All the King’s Men
The Fallen Idol
A Letter to Three Wives (winner)
Until I sit down to do these posts, I rarely know how good a given category in a given year is. It turns out that 1949 is a surprisingly strong year for adapted screenplays. The nominees are decent, but I think I can make a case for a completely different set of nominations that would be just as strong (or stronger) than the five we have. This starts with The Reckless Moment, which I’ll admit that I was supposed to like more than I did. I found Twelve O’Clock High compelling, if a little emotionally cold. Kind Hearts and Coronets is the sort of film that gets nominated in this department if it gets a nomination at all, and I think it might be worthy. The two biggest misses for me are The Heiress and The Third Man, both of which I think should be in the list of nominations over several of the actual nominees. The biggest hole in my 1949 viewing is Late Spring, and my guess is that I’d probably want it here, too.
Weeding through the Nominees
5. It’s unfortunate that something has to come in fifth, because I at least appreciate all five of the nominees. If I had to clear one to make space for something I think was really snubbed, though, I’m dropping Best Picture winner All the King’s Men first. The reason is that I think the story suffers from a lack of focus. It desperately wants to be about both the rise and fall of a political icon and the disillusionment of someone who is with him the whole time. It can’t really be about both, though, so it fails to be a complete story on both fronts. It’s good, but I wouldn’t nominate it.
4. I liked The Fallen Idol more than I thought I would, but that comes from places other than the screenplay. I appreciate just how much work Carol Reed put into the direction of this, because our young star Bobby Henrey had the attention span of a gnat who fell into an espresso. Ralph Richardson is also brilliant in his role here. The screenplay is good, but I’m not sure it’s great, and it’s certainly not better than most of the ones I mentioned in the first paragraph. This is another I think didn’t quite deserve its nomination.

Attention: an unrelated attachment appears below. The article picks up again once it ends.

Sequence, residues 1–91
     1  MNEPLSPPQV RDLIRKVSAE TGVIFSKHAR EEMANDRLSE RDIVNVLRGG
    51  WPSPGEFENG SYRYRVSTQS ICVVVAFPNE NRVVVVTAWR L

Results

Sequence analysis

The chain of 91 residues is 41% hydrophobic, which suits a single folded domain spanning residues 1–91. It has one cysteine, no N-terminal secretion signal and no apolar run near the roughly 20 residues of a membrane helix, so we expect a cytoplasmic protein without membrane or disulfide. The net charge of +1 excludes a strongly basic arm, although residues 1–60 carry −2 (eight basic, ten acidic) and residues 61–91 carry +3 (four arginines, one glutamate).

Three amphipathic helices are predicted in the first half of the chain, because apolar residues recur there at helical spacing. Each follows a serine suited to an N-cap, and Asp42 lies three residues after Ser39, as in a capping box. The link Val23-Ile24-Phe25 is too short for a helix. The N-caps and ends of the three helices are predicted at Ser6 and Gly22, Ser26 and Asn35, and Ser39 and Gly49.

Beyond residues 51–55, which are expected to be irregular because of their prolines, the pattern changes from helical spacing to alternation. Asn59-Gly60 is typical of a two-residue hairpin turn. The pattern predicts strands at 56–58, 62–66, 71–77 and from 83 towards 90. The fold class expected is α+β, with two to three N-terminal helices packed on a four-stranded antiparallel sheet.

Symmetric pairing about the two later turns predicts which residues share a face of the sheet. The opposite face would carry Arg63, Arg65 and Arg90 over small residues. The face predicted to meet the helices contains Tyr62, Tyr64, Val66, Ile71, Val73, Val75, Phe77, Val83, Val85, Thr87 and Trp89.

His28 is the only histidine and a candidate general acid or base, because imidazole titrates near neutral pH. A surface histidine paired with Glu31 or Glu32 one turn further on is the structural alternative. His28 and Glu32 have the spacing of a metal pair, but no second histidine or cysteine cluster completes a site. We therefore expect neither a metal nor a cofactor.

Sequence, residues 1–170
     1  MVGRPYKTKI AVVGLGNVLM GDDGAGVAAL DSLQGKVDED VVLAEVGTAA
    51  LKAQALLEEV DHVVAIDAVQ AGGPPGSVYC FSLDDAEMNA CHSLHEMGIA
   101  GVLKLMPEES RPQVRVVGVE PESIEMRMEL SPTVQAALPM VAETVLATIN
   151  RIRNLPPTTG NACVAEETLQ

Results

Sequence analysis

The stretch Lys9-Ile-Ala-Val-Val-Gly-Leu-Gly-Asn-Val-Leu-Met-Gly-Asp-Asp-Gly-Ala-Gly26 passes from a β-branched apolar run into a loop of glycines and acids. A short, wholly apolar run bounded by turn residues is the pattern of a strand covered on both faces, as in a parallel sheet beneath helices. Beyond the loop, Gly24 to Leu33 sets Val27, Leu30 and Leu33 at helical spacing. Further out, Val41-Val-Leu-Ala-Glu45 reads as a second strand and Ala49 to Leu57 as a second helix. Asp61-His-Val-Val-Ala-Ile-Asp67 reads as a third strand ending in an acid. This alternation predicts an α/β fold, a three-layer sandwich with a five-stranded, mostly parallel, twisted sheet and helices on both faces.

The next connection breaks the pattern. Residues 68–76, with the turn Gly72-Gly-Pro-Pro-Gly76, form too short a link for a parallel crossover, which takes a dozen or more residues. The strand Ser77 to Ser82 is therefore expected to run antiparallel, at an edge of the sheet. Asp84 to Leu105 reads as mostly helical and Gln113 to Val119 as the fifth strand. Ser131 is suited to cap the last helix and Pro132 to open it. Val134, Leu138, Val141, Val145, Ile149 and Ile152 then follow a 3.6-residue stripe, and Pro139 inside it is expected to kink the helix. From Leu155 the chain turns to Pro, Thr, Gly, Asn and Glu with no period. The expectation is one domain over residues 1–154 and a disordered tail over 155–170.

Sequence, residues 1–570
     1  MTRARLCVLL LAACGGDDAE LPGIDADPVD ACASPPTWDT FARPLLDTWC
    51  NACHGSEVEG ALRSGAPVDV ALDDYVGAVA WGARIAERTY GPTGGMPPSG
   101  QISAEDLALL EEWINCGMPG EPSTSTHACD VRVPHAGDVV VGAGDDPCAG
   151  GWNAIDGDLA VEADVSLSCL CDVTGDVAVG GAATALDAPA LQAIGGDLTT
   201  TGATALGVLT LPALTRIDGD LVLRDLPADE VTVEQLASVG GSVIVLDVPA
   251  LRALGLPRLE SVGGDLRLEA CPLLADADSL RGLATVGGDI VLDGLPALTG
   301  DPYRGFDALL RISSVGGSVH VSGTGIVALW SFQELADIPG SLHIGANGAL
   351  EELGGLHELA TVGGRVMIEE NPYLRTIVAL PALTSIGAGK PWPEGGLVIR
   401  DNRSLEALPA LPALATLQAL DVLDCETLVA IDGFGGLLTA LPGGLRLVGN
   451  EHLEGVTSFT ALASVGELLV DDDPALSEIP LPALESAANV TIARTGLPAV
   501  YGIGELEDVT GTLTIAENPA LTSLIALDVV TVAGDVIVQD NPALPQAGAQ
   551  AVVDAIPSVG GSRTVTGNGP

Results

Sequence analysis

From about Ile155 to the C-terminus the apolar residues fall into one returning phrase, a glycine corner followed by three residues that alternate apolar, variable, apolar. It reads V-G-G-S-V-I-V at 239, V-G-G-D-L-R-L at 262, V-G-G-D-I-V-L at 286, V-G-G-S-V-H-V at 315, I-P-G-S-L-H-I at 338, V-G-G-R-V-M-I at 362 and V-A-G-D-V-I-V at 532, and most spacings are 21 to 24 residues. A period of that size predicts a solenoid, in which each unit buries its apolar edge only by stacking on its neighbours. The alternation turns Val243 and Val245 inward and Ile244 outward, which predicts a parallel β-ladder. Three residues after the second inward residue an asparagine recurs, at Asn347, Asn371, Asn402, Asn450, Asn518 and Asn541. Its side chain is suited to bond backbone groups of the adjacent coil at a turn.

3. The hardest choice in the rankings for me was determining the race between second and third. Ultimately, I’m putting Champion in third because it follows a very basic, tried-and-true formula. It’s to the film’s credit that it follows this formula just about perfectly, and much of that (if not all of it) comes from the screenplay from which it started. This is a deep film despite being essentially the boxing version of All the King’s Men. At the very least, it’s the first nomination of the five that I’m satisfied deserved to be here.
2. On a different day, I might swap Champion with Bicycle Thieves. What ultimately moved this into second place for me was not the subject matter, but the tone. There were certainly films that looked at the poverty line and what lies below it before, but in many cases (say, the films of Chaplin), those stories were told to comic effect. Bicycle Thieves goes for the jugular, depicting a harsh and terrible world without remorse or pity. It’s that that moves this into the runner-up position for me.
1. Of the five nominees, I’m giving this to the actual winner, A Letter to Three Wives. I love it when I go into a film cold or (in this case, based on the title) slightly leery and come out the other side a believer, and that’s what happened here. I know that the original story contained five couples instead of the three we’re presented here, and I know that this played a little loosely with the ending, but I don’t care that much. It’s a good story well told, and while the ending might be a little too Hollywood-ish, it works all the way through. Limited to the five I have, it’s the right pick.
Given the opportunity to choose the nominees myself, I’d keep the top three here and add in both The Heiress and The Third Man. I might also keep just the top two and bring in Kind Hearts and Coronets. Regardless, though, my top two would be The Heiress and The Third Man in some order. My gut tells me to go with The Third Man, which has one of the great movie speeches of all time. Since it came from the pen of one of my favorite authors (Graham Greene), it’s hard for me not to want it to win.